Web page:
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School of Engineering faculty secured nearly $1million inmajor grants this academic year from the National Science Foundation and the National Institutes of Health. Learnmore about how these grants will benefit St. Thomas and the scientific community.

Dr. Brittany Nelson-Cheeseman teaching an engineering class.


PARTICLE IMAGE VELOCIMETER The National Science Foundation awarded a Major Research Instrumentation grant for the acquisition of a state-of-the-art instrument known as a particle image velocimeter. The interdisciplinary team includes four faculty from the School of Engineering: Principal investigator (PI): Dr. David Forliti , Mechanical Engineering Co-PI: Dr. Thomas Shepard , Mechanical Engineering Co-PI: Dr. John Abraham , Mechanical Engineering Co-PI: Dr. Cheol-Hong Min , Electrical and Computer Engineering The team also includes one faculty member from the College of Arts and Sciences, Co-PI Dr. Thomas Höft of the Mathematics Department. “Particle image velocimetry has become one of the most impactful instruments for exploring the dynamics of flowing fluids. The system operates via tracking the motion of particles added to the fluid, which are illuminated by a laser sheet and imaged using digital cameras,” Forliti said. “The tracking of the particles allows for detailed measurement of the velocity field in fluid flows, enabling the investigation of flows in engineering applications as well in the natural environment.”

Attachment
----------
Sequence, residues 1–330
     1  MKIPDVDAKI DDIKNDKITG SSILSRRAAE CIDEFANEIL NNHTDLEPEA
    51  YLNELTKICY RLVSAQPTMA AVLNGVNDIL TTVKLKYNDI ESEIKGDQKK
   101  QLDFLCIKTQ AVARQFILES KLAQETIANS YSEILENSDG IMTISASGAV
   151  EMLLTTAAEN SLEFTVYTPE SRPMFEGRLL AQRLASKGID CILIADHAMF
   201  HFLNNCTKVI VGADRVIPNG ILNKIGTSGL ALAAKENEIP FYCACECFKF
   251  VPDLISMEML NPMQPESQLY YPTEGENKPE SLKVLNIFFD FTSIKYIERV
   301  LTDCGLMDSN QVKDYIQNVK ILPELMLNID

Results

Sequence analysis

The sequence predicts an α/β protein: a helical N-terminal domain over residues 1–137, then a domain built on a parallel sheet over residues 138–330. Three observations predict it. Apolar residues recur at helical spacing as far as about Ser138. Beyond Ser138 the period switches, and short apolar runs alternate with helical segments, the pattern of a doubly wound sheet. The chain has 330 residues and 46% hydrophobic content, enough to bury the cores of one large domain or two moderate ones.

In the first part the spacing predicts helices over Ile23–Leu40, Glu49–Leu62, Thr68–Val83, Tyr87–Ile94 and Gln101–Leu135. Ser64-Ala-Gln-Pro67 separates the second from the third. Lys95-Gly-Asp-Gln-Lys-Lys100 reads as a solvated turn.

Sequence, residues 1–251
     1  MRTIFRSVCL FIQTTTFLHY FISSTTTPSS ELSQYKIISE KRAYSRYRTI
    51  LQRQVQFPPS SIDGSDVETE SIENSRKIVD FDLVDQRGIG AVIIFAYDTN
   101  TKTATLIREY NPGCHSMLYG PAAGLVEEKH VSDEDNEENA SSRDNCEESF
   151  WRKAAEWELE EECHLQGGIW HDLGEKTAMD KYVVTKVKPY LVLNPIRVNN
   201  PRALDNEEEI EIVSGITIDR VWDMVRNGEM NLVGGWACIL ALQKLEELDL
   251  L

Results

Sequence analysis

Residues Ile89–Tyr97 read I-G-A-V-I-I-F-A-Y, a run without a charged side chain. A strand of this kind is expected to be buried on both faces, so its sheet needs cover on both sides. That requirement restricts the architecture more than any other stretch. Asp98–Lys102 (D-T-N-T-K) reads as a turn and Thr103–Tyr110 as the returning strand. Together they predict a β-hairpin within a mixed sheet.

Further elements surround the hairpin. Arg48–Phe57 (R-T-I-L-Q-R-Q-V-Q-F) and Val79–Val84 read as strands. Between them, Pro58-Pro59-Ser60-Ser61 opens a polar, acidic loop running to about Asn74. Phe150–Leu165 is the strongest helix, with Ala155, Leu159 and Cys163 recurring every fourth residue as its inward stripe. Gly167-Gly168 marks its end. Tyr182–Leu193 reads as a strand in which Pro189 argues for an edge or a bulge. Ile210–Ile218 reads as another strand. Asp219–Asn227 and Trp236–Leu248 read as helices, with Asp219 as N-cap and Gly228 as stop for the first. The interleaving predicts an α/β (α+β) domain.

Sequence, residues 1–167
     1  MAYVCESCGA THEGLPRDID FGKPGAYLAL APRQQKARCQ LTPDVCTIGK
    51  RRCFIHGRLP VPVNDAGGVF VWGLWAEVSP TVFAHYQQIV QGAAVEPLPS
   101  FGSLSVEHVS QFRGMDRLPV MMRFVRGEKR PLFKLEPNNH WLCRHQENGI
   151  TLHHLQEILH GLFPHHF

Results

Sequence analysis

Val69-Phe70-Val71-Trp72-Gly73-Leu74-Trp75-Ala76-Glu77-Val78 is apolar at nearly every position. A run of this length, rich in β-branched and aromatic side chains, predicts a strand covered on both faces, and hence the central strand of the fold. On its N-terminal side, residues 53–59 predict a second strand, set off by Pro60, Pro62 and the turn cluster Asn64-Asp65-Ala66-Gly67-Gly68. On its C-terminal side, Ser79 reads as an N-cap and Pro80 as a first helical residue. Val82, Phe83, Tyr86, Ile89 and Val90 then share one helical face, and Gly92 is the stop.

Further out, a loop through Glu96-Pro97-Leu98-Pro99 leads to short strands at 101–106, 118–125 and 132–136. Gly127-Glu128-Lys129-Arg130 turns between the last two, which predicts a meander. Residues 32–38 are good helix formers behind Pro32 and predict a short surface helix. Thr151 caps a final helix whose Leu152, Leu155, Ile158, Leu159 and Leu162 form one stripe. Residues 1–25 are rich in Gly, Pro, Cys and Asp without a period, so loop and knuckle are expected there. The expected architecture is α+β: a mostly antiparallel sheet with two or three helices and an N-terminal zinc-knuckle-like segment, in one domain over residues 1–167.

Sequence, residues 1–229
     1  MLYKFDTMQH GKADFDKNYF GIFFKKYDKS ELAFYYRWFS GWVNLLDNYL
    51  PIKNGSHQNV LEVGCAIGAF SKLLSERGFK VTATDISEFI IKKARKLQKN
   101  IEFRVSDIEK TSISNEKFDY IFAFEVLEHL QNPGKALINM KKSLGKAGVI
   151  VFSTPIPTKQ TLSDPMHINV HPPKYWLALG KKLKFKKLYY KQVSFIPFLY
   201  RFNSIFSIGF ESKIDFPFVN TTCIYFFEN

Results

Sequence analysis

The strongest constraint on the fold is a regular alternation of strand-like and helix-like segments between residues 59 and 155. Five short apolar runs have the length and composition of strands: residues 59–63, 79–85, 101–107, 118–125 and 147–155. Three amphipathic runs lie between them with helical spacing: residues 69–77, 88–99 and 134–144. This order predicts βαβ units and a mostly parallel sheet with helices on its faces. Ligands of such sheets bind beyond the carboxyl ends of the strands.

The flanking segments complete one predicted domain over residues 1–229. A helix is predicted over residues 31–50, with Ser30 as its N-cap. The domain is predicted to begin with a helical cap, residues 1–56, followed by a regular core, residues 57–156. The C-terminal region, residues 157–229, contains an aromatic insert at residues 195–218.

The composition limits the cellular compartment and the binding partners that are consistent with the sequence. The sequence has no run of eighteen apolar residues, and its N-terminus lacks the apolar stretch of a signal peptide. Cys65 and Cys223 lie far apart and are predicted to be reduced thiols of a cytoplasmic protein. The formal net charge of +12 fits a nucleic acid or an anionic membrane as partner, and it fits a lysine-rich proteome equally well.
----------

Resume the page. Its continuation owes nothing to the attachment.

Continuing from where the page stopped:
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REMOTELY OPERATED SCANNING ELECTRON MICROSCOPE The National Science Foundation also awarded a $200K grant that will allow St. Thomas students to use state-of-the-art technology regardless of their physical location: a scanning electron microscope with energy dispersive spectrometer (SEM-EDS). University of St. Thomas faculty from the College of Arts and Sciences, the School of Engineering and Dougherty Family College collaborated on the grant application: Principal investigator: Dr. Thomas Hickson , Geology Co-PI: Dr. Brittany Nelson-Cheeseman , Materials Science and Engineering Co-PI: Dr. Jennifer T. McGuire , Biology Co-PI: Dr. Michele Stillinger , Geology, Dougherty Family College The new instrument can focus on an area the size of a particle of dust and determine its elemental composition without damaging the delicate sample. The SEM fires an incredibly fine electron beam at the sample, producing images 250 times the magnification levels of the best conventional microscopes. In addition to the microscope, St. Thomas will use the grant to purchase a critical point dryer to prepare sensitive specimens, such as insects and microbes.